Student activists from the Florida high school where 17 teens and staff were shot and killed began a march to the state capital of Tallahassee on Wednesday, where they were to meet with lawmakers to call for a ban on assault-style weapons.
The latest in a series of deadly shootings in schools in the United States has inflamed the long-running national debate about gun rights. The students from Marjory Stoneman Douglas High School in Parkland, Florida, have emerged as the new faces of the gun-control movement.
“We’re here to ask for change and we’re confident change will happen,” said Noah Kaufman, 16. “We know the issues, and we know who is with us and who isn’t.”
Nikolas Cruz, 19, a former student expelled from Douglas for disciplinary problems, is charged with 17 counts of premeditated murder in the second deadliest shooting at a U.S. public school. He was armed with a semiautomatic AR-15 assault-style rifle he legally purchased from a licensed gun dealer last year when he was 18, authorities said.
Carrying signs bearing the #NeverAgain slogan, about 100 students from Douglas walked to Florida’s capital, where the Republican-controlled legislature on Tuesday rebuffed a bid to bring up a bill to block sales of assault-style rifles.
But signaling a possible shift, state Senator Bill Galvan, slated to be the chamber’s next president, called for a bill to raise the legal age for purchasing assault rifles from 18 to 21, the same as it is for handguns. The legislature’s current session ends on March 9, leaving little time for a vote.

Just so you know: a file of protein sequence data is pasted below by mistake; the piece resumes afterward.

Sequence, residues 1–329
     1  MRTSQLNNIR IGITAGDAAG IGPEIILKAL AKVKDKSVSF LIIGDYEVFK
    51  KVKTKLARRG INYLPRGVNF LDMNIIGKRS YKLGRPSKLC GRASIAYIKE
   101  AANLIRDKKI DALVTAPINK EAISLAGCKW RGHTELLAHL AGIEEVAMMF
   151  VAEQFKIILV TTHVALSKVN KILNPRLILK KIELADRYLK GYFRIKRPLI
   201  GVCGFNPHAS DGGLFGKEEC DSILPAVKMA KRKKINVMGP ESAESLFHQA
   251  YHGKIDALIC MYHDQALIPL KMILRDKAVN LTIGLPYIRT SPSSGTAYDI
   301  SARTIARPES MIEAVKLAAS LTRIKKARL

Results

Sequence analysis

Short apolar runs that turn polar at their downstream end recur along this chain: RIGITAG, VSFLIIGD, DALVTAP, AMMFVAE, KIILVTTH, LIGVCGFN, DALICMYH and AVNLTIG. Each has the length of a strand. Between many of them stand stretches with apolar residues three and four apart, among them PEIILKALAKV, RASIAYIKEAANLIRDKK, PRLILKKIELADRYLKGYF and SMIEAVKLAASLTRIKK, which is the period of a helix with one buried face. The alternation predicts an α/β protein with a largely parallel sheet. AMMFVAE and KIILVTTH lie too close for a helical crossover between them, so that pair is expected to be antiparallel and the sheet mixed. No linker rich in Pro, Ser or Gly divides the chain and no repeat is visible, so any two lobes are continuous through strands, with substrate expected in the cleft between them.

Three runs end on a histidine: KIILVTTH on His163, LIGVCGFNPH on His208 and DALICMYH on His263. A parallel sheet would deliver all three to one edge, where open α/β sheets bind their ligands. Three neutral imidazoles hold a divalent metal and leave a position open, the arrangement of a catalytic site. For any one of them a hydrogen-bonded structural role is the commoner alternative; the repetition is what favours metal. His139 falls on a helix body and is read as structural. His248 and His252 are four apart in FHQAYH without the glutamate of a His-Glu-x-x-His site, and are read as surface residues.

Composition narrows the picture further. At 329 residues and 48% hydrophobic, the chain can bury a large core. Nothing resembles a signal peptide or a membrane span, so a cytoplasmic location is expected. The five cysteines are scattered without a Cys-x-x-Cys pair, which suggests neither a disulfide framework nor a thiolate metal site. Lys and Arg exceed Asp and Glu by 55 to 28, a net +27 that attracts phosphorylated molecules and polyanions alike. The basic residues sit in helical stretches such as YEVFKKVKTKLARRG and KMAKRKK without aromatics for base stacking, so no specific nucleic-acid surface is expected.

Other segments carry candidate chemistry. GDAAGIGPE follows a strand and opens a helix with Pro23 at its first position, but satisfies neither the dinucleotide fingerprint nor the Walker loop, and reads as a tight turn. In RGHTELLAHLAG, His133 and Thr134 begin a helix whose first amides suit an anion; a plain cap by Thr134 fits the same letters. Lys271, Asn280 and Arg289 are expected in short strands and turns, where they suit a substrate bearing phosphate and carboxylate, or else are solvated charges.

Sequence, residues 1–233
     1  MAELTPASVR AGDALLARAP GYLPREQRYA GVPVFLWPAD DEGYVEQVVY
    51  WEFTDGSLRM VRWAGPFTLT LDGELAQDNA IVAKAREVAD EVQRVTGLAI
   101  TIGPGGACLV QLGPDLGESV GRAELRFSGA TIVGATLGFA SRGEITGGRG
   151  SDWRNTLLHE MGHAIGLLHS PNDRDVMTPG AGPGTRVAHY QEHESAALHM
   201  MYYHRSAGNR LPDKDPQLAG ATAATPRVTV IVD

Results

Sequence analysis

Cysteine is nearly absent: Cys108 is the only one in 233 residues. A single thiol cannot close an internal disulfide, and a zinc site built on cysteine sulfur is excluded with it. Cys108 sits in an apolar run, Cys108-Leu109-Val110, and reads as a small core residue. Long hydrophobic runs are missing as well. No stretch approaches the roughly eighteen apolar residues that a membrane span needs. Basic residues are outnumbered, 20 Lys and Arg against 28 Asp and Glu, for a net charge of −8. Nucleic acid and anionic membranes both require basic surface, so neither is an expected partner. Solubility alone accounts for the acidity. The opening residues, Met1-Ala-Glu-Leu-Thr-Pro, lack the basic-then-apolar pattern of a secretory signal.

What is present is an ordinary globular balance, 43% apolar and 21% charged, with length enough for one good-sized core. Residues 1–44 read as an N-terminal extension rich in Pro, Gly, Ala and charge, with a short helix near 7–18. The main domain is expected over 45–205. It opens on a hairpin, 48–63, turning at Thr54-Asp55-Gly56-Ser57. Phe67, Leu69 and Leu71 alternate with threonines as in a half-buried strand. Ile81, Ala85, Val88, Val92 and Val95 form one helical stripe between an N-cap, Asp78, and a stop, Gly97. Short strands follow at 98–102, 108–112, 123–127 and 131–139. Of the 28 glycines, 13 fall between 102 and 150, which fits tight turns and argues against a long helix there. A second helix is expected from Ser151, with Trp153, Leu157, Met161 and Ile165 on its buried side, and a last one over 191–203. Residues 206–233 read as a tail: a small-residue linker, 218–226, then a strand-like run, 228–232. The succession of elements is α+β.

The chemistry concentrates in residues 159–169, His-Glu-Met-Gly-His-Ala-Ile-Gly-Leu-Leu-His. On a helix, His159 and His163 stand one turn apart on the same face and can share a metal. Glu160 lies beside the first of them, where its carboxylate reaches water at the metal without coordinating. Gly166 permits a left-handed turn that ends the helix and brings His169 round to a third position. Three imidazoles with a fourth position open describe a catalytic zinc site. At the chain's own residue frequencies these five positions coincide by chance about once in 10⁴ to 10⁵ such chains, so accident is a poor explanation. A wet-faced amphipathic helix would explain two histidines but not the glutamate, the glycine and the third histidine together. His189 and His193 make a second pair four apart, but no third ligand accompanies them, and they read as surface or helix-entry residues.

President Donald Trump, a strong supporter of gun rights, was scheduled to host a “listening session” with high school students and teachers at the White House on Wednesday.
“This isn’t a Democrat or Republican issue, it’s a life issue,” said Kaufman. Many in the group said they had stayed up all night researching legislation and writing speeches.
Calls for national student walk-outs and marches in the coming months gained steam on social media, including the “March for Our Lives” on March 24 in Washington, spearheaded by some Douglas students.
Trump said on Tuesday he signed a memorandum directing the attorney general to draw up regulations banning devices that turn firearms into machine guns, like the bump stock used in the mass shooting in Las Vegas in October.
Gun violence on public school and college campuses has become so commonplace in the United States in the last several years that administrators regularly stage drills to train students and staff in the event of a mass shooting.
Gun ownership is protected by the Second Amendment of the U.S. Constitution and remains one of the nation’s more divisive issues. A federal ban on assault weapons, in force for 10 years, expired in 2004.